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The role of lecithin cholesterol acyltransferase and organic substances from coal in the etiology of Balkan endemic nephropathy: A new hypothesis

Food and Chemical Toxicology

By:
, , , , , , , and
DOI: 10.1016/j.fct.2007.10.033

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Abstract

Balkan endemic nephropathy (BEN) occurs in Serbia, Bulgaria, Romania, Bosnia and Herzegovina, and Croatia. BEN has been characterized as a chronic, slowly progressive renal disease of unknown etiology. In this study, we examined the influence of soluble organic compounds in drinking water leached from Pliocene lignite from BEN-endemic areas on plasma lecithin-cholesterol acyltransferase (LCAT) activity. We found that changes for all samples were the most prominent for the dilution category containing 90% plasma and 10% of diluting media. Water samples from BEN villages from Serbia and Romania showed higher LCAT inhibiting activity (p = 0.02) and (p = 0.003), respectively, compared to deionised water and non-endemic water. A secondary LCAT deficiency could result from this inhibitory effect of the organic compounds found in endemic water supplies and provide an ethiopathogenic basis for the development of BEN in the susceptible population. ?? 2007 Elsevier Ltd. All rights reserved.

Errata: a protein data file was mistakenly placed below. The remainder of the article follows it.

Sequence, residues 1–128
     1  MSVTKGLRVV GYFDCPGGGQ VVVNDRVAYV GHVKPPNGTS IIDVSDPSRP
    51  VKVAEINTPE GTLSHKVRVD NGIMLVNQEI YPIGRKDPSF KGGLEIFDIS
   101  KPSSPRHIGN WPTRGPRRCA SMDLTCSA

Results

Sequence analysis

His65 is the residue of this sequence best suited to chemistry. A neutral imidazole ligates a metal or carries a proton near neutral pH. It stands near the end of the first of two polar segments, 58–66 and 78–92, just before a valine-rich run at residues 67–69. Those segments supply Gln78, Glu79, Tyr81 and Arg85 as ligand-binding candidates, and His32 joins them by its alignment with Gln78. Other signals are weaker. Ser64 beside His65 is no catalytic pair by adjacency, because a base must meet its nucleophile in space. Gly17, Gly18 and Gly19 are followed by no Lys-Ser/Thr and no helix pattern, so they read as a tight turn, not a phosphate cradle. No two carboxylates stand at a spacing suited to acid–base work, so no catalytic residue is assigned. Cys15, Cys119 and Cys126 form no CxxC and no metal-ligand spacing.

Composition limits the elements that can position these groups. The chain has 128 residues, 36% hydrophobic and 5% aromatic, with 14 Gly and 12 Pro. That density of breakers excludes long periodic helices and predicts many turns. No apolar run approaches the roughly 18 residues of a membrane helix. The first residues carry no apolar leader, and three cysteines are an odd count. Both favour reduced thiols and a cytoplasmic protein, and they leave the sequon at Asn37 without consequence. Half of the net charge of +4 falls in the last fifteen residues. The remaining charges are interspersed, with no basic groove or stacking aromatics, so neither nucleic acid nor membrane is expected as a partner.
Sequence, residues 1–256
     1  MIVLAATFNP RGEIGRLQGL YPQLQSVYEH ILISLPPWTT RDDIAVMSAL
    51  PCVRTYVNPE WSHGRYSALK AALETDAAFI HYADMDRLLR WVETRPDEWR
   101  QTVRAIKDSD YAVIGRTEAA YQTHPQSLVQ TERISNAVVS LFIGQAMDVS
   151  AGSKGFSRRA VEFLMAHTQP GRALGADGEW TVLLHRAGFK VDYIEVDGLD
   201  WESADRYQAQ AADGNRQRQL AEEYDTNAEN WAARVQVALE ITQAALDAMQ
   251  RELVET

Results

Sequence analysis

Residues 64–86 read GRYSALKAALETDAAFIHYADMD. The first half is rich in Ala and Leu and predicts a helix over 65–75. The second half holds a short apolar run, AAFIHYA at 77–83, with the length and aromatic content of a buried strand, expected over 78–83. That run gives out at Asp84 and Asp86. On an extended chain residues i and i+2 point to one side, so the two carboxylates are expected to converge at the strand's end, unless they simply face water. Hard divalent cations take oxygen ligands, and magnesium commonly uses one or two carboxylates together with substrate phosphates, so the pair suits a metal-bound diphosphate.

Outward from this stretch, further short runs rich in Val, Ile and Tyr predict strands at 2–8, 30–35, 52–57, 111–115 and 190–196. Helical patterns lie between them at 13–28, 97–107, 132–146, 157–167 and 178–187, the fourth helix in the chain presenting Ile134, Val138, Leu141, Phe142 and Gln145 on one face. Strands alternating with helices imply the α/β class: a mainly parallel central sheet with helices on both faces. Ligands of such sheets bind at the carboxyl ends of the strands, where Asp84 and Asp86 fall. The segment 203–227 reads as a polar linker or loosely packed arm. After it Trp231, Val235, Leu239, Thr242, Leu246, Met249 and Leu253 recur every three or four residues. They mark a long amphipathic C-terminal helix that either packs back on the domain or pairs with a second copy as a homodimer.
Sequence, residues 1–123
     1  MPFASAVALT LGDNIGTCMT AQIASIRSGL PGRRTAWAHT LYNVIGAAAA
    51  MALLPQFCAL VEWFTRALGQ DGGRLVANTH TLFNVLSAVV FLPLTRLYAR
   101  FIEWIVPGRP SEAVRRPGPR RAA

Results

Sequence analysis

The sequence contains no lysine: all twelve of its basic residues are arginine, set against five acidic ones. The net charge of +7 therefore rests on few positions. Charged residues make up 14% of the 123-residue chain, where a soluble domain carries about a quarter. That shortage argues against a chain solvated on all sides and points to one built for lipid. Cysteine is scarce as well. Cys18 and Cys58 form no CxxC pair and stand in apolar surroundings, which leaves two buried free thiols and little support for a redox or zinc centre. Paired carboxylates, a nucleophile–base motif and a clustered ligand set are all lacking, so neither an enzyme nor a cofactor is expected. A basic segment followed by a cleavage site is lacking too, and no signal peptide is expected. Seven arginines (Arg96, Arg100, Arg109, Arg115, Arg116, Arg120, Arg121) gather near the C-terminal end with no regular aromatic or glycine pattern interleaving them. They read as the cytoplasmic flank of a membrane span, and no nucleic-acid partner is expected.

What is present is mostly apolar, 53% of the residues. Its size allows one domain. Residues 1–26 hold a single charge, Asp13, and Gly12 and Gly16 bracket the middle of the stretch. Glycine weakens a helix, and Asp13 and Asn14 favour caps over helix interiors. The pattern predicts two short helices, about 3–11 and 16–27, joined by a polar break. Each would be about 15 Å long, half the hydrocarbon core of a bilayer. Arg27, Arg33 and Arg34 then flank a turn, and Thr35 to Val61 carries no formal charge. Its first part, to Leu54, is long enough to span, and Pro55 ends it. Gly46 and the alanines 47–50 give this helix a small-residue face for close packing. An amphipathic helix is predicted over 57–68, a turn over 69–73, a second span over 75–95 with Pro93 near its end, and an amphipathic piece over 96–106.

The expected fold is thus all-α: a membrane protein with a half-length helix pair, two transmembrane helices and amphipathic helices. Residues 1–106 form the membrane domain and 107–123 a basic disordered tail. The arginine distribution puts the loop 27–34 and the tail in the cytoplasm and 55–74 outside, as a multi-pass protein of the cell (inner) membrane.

Additional Publication Details

Publication type:
Article
Publication Subtype:
Journal Article
Title:
The role of lecithin cholesterol acyltransferase and organic substances from coal in the etiology of Balkan endemic nephropathy: A new hypothesis
Series title:
Food and Chemical Toxicology
DOI:
10.1016/j.fct.2007.10.033
Volume
46
Issue:
3
Year Published:
2008
Language:
English
Larger Work Type:
Article
Larger Work Subtype:
Journal Article
Larger Work Title:
Food and Chemical Toxicology
First page:
949
Last page:
954
Number of Pages:
6